Revocable Trusts: An Alternative Route
Traditional estate plans generally consist of a will and other documents that are meant to provide a map for fulfilling the wishes of the individual both before and after death. There are times, though, when an estate may be better served by other estate planning vehicles such as a revocable living trust, which can provide flexibility, privacy and ease of administration. These types of trusts are becoming popular and should be afforded due consideration when planning an estate.
The individual creating the trust, or “Settlor”, funds the trust by transferring (or titling) assets in the name of the trust. Typically, the Settlor names himself or herself to serve as the initial Trustee. It is also necessary for the Settlor to appoint a successor Trustee who will hold, manage and distribute the trust assets, and thereby accomplish the stated terms of the trust upon the death or incapacity of the initial trustee.
The flexibility with this type of trust is that, prior to the date of the Settlor’s death, it is entirely revocable, meaning that the Settlor may change the assets or terms of the trust at any time. Additionally, upon the disability of the Settlor, the administration of assets held in a revocable trust will continue seamlessly under the successor Trustee’s control.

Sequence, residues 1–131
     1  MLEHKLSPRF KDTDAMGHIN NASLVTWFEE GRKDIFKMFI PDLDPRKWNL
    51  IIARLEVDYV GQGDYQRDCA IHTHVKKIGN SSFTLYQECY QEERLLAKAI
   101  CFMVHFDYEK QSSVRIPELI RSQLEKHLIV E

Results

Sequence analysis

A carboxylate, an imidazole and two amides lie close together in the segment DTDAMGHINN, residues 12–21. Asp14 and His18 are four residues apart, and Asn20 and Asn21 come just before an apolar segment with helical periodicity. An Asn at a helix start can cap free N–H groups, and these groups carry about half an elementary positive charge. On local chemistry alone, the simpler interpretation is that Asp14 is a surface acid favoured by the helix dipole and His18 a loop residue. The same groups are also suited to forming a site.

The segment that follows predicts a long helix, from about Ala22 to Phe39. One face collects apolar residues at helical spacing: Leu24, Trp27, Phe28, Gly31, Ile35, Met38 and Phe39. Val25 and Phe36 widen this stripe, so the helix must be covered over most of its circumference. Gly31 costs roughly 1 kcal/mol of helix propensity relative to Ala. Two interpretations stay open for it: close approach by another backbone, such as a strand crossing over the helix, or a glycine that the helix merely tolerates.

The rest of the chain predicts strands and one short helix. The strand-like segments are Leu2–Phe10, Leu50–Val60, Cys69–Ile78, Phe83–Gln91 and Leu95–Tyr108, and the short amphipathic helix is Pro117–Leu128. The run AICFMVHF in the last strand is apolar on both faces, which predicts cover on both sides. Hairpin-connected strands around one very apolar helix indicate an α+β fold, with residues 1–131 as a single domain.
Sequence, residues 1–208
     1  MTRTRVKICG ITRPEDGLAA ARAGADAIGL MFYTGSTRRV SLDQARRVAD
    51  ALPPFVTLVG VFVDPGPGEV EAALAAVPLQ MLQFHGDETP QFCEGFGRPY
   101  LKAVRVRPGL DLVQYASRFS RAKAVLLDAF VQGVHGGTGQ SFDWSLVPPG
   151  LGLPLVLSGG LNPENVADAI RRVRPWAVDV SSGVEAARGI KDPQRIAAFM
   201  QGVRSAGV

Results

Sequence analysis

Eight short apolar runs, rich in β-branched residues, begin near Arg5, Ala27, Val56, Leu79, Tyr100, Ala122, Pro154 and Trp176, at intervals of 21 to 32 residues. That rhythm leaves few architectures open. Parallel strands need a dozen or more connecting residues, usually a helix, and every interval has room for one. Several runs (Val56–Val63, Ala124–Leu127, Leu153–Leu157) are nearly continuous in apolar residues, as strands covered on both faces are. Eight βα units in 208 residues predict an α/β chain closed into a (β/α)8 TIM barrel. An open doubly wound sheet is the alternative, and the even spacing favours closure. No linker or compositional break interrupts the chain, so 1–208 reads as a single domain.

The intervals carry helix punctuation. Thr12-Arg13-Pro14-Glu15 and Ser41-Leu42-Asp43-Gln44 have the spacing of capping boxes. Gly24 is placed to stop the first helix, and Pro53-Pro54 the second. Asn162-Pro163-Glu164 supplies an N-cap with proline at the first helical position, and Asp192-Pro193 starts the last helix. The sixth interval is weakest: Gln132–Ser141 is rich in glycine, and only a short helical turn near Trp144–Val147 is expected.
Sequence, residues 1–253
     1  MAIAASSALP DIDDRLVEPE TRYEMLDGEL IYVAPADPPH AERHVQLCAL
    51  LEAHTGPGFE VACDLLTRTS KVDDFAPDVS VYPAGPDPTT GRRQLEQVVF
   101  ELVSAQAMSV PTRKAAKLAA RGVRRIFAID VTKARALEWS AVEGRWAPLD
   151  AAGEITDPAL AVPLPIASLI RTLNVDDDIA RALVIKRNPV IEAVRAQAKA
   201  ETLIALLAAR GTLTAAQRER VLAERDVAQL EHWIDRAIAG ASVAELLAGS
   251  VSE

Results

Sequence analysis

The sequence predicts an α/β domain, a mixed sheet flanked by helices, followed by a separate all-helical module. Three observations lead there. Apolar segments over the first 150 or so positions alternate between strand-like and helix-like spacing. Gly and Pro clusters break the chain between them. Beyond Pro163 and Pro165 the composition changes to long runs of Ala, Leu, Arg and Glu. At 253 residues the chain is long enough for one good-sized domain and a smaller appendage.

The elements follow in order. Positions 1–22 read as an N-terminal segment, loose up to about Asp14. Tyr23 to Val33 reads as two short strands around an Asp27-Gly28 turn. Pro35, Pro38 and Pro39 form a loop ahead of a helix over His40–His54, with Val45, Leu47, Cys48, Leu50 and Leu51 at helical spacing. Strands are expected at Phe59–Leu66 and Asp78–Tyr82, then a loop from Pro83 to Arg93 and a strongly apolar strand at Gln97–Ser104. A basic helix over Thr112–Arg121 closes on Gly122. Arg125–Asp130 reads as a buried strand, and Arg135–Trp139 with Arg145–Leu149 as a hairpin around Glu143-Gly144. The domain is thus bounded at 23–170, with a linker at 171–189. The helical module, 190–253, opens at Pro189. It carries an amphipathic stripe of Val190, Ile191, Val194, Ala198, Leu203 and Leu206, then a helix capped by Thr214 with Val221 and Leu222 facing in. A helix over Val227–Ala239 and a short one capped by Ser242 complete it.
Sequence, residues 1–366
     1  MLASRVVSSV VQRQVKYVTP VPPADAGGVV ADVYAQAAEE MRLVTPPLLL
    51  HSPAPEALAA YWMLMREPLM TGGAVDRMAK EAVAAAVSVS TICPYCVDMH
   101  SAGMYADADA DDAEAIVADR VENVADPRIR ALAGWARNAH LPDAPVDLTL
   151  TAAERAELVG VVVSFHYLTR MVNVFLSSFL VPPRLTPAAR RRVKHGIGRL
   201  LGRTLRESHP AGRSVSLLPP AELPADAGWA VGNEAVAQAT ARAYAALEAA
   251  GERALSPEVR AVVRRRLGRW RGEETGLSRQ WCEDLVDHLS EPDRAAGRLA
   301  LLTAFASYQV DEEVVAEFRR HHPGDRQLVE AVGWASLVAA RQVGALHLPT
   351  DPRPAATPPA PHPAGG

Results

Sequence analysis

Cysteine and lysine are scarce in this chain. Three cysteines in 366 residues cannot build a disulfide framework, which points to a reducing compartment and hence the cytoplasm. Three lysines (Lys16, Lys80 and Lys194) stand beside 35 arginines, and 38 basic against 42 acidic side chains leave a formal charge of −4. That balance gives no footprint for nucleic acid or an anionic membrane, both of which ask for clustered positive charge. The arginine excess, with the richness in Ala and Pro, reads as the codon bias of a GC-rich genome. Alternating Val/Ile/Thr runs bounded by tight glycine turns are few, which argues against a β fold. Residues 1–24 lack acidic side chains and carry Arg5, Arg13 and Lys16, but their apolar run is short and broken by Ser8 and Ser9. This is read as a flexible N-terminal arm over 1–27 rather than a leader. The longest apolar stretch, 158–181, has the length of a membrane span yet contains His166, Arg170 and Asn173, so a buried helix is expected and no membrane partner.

Possibly the greatest advantage to a revocable trust is the continued access to the trust assets upon the Settlor’s death. If the revocable trust has been funded during the Settlor’s lifetime, the assets titled or held in the trust will not be subject to the probate process. In Kentucky, a probated estate must remain open for at least six months to provide creditors a sufficient time to make claims against the assets of the estate. While one may not use a revocable trust to thwart creditors, the beneficiaries of a funded trust will receive their interest without this court delay.
There are also downsides to revocable trusts. First, they are more complex than wills and require more time and expense to create at the outset. Second, while the terms of a trust largely supplant the necessity of a will, a simple “pour over will” is advisable to ensure that any assets not held in trust upon death are ultimately transferred to the trust according to the Settlor’s wishes.
As with a will, a revocable living trust is not a “one-size-fits-all” estate planning vehicle, but it is an increasingly common method of estate planning with many advantages. It’s best to contact an estate planning professional to discover what type of estate plan would work best for your estate.
Terri R. Stallard is a Member of McBrayer law. Ms. Stallard concentrates her practice in the areas of estate planning and estate administration, and charitable planning. She can be reached at firstname.lastname@example.org or (859) 231-8780, ext. 1258.
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This article does not constitute legal advice.